Hagens Berman has filed a nationwide class-action lawsuit claiming that Apple Inc. and five of the nation’s top publishers, including HarperCollins Publishers, Hachette Book Group, Macmillan Publishers, Penguin Group Inc. and Simon & Schuster Inc. illegally fix prices of electronic books, also known as e-books.
Filed in the U.S. District Court for the Northern District of California, the lawsuit alleges that the publishers and Apple colluded to increase prices for popular e-book titles to boost profits and force e-book rival Amazon to abandon its pro-consumer discount pricing.
According to the suit, publishers believed that Amazon’s wildly popular Kindle e-reader device and the company’s discounted pricing for e-books would increase the adoption of e-books, and feared Amazon’s discounted pricing structure would permanently set consumer expectations for lower prices, even for other e-reader devices.
The firm believes that Apple was involved in the scheme. The complaint alleges that Apple believed that it needed to neutralize the Kindle when it entered the e-book market with its own e-reader, the iPad, and feared that one day the Kindle might challenge the iPad by digitally distributing other media like music and movies.
The complaint claims that the five publishing houses forced Amazon to abandon its discount pricing and adhere to a new agency model, in which publishers set prices. This would prevent retailers such as Amazon from offering lower prices on e-books.
Apple had already established such a model on its App store, taking 30 percent revenue on sales while the publishers receive 70 percent.
If Amazon defied the publishers and tried to sell e-books below the publisher-set levels, the publishers would simply deny Amazon access to the title, the complaint details. The defendant publishers control 85 percent of the most popular fiction and non-fiction titles.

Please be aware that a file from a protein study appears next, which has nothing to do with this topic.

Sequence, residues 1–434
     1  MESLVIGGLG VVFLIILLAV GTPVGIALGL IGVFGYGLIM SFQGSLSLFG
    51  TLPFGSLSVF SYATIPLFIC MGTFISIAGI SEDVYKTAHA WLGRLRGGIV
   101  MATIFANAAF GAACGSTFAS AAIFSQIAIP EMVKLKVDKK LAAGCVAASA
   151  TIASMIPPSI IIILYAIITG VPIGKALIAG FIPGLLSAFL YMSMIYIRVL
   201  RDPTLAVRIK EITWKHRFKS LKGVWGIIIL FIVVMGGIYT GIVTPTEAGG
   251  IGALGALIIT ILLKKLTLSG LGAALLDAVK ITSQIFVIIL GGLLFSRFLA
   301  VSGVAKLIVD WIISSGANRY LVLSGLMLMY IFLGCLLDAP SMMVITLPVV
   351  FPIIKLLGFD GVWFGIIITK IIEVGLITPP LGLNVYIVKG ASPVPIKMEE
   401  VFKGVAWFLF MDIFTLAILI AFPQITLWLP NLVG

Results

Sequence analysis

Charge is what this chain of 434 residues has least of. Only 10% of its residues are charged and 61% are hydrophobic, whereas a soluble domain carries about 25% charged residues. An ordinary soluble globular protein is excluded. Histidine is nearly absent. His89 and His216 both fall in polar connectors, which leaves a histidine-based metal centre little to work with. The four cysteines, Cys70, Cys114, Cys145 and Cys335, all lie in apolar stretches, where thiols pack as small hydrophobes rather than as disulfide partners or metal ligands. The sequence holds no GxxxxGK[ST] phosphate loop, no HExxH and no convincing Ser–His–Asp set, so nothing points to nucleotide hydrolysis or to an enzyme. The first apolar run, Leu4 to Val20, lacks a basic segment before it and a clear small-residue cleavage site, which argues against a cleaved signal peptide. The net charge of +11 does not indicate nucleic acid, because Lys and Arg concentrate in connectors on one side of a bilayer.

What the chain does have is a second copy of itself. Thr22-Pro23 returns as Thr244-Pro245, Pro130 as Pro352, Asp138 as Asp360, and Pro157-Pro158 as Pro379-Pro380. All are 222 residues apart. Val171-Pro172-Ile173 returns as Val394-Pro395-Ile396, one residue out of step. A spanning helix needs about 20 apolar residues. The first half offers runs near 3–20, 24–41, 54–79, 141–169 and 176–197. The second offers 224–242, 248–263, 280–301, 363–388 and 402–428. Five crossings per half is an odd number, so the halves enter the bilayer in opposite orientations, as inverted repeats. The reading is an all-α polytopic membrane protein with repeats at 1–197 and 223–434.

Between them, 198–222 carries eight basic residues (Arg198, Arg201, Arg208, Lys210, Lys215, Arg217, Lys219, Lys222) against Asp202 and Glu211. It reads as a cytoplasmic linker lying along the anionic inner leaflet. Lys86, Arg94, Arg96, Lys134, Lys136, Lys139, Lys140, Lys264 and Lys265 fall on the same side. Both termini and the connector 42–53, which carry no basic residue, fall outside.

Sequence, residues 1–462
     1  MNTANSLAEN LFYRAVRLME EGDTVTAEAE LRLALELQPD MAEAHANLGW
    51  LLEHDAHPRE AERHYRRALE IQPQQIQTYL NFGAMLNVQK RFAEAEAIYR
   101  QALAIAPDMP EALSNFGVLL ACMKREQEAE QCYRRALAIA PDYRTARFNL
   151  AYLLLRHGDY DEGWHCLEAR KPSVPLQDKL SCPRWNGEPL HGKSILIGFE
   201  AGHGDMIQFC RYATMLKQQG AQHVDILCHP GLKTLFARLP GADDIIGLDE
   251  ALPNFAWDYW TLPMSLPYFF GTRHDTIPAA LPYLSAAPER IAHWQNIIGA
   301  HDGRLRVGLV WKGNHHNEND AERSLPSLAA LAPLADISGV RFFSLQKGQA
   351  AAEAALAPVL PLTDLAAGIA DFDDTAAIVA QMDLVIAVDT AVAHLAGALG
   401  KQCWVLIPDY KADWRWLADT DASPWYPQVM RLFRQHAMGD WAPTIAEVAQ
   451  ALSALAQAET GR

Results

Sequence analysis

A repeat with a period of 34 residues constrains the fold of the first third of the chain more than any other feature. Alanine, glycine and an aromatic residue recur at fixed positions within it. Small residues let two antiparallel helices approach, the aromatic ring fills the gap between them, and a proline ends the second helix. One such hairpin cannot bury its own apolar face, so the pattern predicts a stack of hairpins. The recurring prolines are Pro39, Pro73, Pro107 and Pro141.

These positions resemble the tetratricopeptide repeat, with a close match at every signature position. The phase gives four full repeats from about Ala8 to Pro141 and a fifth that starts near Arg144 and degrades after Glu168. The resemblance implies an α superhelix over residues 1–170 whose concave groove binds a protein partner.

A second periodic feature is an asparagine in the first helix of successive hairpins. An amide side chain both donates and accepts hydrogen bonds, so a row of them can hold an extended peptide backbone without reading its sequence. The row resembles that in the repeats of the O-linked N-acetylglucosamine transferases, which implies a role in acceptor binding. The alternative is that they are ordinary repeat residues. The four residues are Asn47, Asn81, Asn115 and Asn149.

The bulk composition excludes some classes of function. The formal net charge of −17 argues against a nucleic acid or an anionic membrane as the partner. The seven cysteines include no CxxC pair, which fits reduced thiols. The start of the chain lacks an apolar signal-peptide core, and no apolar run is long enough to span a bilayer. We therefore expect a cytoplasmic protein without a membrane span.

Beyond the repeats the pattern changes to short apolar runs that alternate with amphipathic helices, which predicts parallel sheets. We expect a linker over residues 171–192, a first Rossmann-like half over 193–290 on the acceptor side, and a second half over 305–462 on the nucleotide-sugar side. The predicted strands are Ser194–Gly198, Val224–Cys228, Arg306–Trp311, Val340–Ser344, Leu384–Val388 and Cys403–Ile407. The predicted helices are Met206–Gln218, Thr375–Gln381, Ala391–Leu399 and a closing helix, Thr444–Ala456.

The complaint notes that Apple CEO Steve Jobs foreshadowed the simultaneous switch to agency pricing and the demise of discount pricing in an interview with The Wall Street Journal in early 2010. In the interview, he was asked why consumers would buy books through Apple at $14.99 while Amazon was selling the same book for $9.99. “The prices will be the same,” he stated.
While free market forces would dictate that e-books would be cheaper than their hard-copy counterparts, considering lower production and distribution costs, the complaint shows that as a result of the agency model and alleged collusion, many e-books are more expensive than their hard-copy counterparts.
According to the complaint, the prices of e-books have risen as much as 50 percent since the switch to an agency model.
The lawsuit claims Apple and the publishers are in violation of a variety of federal and state antitrust laws, the Sherman Act, the Cartwright Act and the Unfair Competition Act.
The named plaintiffs, Anthony Petru, a resident of Oakland, California, and Marcus Mathis, a resident of Natchez, Mississippi, each purchased a least one e-book at a price above $9.99 after the adoption of the agency pricing model.
Once approved, the lawsuit would represent any purchaser of an e-book published by a major publisher after the adoption of the agency model by that publisher.
The lawsuit seeks damages for the purchase of e-books, an injunction against pricing e-books with the agency model and forfeiture of the illegal profits received by the defendants as a result of their anticompetitive conduct, which could total tens of millions of dollars.
May 22, 2013: Penguin has agreed to a $75 million settlement. More information is available here.
May 15, 2012: United States District Judge Denise Cote has issued the first substantive ruling in the case, rejecting Apple and the publishers’ motion to dismiss. The judge’s order can be read here.
Dec. 20, 2011: The Court today appointed Hagens Berman lead counsel in the case.